A study of 151,983 adults in England treated for opioid dependence between 2005 and 2009, published in Addiction, found the risk of fatal drug overdose more than doubled for individuals who received only psychotherapy compared with those who received medication-assisted treatment.
An April 2017 systematic review and meta-analysis published in The BMJ found that people receiving medication-assisted treatment were less likely to die of an overdose or other causes than peers with opioid use disorder who did not receive such treatment.
And a March 2015 review of randomized controlled trials in the Harvard Review of Psychiatry compared medication-assisted treatment of opioid use disorder with placebo or no medication and found that medication-assisted treatment “at least doubles rates of opioid-abstinence outcomes.”
Long waits and potential solutions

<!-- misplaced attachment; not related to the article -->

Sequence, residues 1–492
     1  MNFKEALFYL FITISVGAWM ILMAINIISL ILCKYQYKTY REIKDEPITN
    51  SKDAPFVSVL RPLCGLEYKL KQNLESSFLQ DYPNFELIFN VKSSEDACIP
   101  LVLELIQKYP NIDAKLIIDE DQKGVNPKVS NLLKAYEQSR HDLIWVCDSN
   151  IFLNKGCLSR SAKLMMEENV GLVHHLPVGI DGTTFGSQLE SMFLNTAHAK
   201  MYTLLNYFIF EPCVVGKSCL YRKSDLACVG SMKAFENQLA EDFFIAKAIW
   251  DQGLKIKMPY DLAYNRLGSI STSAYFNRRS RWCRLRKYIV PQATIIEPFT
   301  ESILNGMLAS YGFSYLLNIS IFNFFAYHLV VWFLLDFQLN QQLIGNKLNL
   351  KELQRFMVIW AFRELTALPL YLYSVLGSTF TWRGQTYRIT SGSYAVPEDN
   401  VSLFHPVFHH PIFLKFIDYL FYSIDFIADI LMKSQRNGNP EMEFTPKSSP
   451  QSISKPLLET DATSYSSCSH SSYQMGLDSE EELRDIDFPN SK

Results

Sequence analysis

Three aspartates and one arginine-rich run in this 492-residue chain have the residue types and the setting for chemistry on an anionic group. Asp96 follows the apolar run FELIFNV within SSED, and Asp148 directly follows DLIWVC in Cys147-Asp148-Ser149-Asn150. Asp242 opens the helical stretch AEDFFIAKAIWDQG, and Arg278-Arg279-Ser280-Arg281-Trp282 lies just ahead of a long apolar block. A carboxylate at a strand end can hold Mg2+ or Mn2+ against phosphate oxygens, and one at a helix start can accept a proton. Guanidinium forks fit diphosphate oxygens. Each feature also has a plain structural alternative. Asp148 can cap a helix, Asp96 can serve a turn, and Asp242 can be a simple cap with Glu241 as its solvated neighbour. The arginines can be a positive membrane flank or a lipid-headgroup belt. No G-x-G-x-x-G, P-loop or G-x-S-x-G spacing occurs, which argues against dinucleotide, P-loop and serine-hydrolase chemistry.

The researchers of the new paper verified that 310 of the 505 phone listings in their sample — 61.4% — listed correct numbers. Of all the providers who supposedly offered buprenorphine according to the database, only 195, or 38.6% actually did.
The researchers were able to ask 173 of these providers whether they accepted private insurance, and most — 75.7% — did. And more than half of the buprenorphine providers who were asked about whether they accepted Medicaid did — 62.9%.
“To me it was the one pleasant surprise of our findings, namely, that a decent chunk of the practices or individuals that we called did accept Medicaid,” Boyd notes.